I hope these three tips have helped, what rules do you use to maintain a healthy work-life balance? Leave a comment below or send me a tweet @MarissaPick.

2014 New Year’s Resolutions, Reflections, and Objectives.

Scott Adams, the creator of Dilbert wrote a great post for the Washington Post titled,Read this if you want to be happy in 2014.” Within the article he outlined a very basic principle, Happiness = Health + Freedom. Scott reminds us that there’s’es a right time and a wrong time for almost every activity from sleep, paying bills, and more.  It’s crucial to match your mood to your activity as a basic requirement to happiness, and equally important to remember that timing is controllable, especially in the long run. The article goes on to outline some of his goals and obstacles, and gives important insight into the power of your mind in making things happen.

Forbes contributor Cheryl Conner wrote a fantastic post titled, “Mentally Strong People: The 13 Things They Avoid.” She included a list compiled by Amy Morin which was shared in LifeHack and reflected on her list including her thoughts on how the items were applicable to entrepreneurs. The 13 reflections touch power, change, success, and so much more with fantastic insights from Cheryl and Amy.

I’ve done a lot of thinking and reflecting upon my 2014 New Year’s Resolutions. The two fantastic articles above from the Washington Post and Forbes helped me craft my below post and insight,  I hope you enjoy!


1) Expand upon Scott’s reflections and work on finding a better life & work balance to focus & attain the formula: Happiness =Health + Freedom.  We all struggle with finding a balance for everyday life, and we have to really prioritize and focus on what’s important, for me I know where I need to focus, and sometime unplug, so i will work to create more a life balance into 2014.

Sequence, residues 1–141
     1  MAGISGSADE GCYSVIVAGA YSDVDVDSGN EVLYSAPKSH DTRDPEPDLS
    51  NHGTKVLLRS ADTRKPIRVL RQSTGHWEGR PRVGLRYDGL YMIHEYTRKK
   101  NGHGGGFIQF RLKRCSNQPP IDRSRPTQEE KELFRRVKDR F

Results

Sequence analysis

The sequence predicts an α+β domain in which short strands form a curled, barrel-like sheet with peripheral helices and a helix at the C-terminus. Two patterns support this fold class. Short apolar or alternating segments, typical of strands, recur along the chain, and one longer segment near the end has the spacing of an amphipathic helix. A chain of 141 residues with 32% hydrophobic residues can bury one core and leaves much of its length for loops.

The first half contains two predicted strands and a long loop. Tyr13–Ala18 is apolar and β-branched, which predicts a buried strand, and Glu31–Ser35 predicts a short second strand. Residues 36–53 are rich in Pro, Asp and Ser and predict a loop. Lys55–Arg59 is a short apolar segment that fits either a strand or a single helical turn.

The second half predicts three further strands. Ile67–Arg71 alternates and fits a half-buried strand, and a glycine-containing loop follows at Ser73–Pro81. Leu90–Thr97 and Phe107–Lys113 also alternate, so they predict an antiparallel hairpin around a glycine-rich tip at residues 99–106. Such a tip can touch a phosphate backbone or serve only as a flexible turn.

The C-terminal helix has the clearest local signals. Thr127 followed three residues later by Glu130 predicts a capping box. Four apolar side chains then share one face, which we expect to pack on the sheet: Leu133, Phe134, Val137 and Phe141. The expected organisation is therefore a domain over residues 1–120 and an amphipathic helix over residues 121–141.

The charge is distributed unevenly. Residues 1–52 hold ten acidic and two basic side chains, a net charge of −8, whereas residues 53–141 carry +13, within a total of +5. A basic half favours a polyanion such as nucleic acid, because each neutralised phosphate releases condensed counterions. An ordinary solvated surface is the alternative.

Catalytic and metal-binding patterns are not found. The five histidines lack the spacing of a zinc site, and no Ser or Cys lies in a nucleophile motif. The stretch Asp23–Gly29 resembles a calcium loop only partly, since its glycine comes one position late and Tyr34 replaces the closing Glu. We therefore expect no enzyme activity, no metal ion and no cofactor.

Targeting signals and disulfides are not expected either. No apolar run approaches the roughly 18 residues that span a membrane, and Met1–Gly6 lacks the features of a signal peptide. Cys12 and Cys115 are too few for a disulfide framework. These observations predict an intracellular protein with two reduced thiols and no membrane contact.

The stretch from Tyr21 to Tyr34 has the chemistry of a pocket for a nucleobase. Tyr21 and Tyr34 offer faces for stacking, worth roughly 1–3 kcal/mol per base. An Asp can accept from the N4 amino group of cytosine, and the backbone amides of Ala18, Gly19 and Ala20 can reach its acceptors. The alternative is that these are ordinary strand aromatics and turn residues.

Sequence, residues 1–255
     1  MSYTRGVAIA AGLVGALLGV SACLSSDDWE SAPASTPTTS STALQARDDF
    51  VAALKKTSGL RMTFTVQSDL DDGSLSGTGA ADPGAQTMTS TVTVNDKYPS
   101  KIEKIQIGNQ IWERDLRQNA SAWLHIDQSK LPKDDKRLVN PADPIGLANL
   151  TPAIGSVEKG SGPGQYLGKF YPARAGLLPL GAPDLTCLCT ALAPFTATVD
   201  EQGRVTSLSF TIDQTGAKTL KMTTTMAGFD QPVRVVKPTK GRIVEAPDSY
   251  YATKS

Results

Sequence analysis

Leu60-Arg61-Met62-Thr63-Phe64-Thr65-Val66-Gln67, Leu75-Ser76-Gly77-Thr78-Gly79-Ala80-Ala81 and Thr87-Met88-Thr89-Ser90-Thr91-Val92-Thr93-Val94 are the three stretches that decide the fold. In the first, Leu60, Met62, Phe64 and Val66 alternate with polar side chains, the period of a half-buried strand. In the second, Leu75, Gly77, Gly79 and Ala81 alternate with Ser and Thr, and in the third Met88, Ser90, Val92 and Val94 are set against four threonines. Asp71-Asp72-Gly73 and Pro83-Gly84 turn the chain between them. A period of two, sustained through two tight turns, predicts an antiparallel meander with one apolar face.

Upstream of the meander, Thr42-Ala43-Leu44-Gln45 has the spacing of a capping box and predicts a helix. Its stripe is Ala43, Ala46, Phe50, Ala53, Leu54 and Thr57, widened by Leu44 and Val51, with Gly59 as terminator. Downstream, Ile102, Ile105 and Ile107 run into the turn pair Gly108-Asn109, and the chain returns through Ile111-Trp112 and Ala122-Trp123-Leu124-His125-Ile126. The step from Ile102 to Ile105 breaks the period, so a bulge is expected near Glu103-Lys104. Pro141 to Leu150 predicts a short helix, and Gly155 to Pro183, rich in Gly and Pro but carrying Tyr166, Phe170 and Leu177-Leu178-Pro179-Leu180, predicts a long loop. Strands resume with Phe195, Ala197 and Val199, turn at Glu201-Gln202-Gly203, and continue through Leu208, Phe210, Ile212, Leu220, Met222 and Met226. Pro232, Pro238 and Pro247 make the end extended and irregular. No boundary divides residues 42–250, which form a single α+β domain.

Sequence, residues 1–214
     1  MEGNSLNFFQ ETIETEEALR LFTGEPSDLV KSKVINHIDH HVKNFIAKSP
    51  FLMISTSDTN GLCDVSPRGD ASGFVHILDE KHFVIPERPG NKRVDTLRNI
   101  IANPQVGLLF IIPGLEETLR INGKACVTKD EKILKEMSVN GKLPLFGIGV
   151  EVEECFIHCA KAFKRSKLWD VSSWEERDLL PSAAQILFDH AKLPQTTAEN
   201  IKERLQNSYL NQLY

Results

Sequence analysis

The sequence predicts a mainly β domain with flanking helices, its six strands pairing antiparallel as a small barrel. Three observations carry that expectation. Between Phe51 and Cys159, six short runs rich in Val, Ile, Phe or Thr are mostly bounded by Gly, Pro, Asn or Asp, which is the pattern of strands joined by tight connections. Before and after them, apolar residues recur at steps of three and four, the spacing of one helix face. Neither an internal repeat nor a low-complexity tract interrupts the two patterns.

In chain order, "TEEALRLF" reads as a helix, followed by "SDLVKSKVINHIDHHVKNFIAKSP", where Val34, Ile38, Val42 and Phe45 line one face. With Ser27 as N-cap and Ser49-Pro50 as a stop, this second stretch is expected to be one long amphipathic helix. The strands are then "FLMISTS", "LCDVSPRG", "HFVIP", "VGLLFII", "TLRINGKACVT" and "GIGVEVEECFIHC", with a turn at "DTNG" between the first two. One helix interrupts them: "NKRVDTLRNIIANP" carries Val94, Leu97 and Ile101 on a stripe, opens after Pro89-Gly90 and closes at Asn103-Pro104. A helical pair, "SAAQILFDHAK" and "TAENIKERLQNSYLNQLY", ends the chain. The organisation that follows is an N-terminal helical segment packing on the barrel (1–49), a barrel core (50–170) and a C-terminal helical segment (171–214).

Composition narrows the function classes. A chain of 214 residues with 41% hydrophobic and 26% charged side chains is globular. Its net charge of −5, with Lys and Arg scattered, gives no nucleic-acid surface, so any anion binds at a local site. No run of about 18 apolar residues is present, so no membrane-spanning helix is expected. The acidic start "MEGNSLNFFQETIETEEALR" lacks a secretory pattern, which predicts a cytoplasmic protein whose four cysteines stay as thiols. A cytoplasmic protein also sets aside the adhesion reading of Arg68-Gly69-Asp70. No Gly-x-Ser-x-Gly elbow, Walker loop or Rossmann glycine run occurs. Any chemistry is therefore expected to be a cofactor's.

2) Become more adaptable to change: Cheryl nailed it within the Forbes article saying that mentally strong people embrace change and welcome the challenge.  The biggest “fear” if they have one, is not of the unknown, but of becoming complacent and stagnant.  I need to become more adaptable and take more chances and accept change to further succeed within my work and personal life.

3) Make mistakes & learn: In December, my company held a offsite meeting in London to cover 2013 reflections to help plan for 2014. One of my colleagues brought up an important point, in order to learn we need to make mistakes and reflect and learn from them.  We can’t measure our successes without assessing our failures as well.

4) Dwell on the Past: We all know the saying forgive and forget, well easier said then done.  There is a positive when acknowledging the past and learning from experiences, but we must focus on living in the moment and creating the present and future.

5) Embrace alone time: I’ve really cherished the day’s in 2013 I was able to work from home and enjoy the quiet, meeting-free days.  I’ve learned to embrace the time I spend alone both within work and personal life.  I’ve been able to reflect, plan, and be productive and I find my alone time to spark some of my most creative ideas.

“Tomorrow is the first blank page of a 365-page book. Write a good one.” —Brad Paisley

What are your 2014 resolutions? Please comment below or tweet me @MarissaPick